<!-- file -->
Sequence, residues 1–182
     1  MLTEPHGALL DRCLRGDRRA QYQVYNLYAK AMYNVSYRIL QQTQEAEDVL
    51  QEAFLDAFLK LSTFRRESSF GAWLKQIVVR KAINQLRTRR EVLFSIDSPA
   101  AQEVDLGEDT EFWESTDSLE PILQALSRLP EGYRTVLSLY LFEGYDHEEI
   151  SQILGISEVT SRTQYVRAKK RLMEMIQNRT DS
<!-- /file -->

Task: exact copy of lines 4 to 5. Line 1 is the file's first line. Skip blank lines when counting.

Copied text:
   101  AQEVDLGEDT EFWESTDSLE PILQALSRLP EGYRTVLSLY LFEGYDHEEI
   151  SQILGISEVT SRTQYVRAKK RLMEMIQNRT DS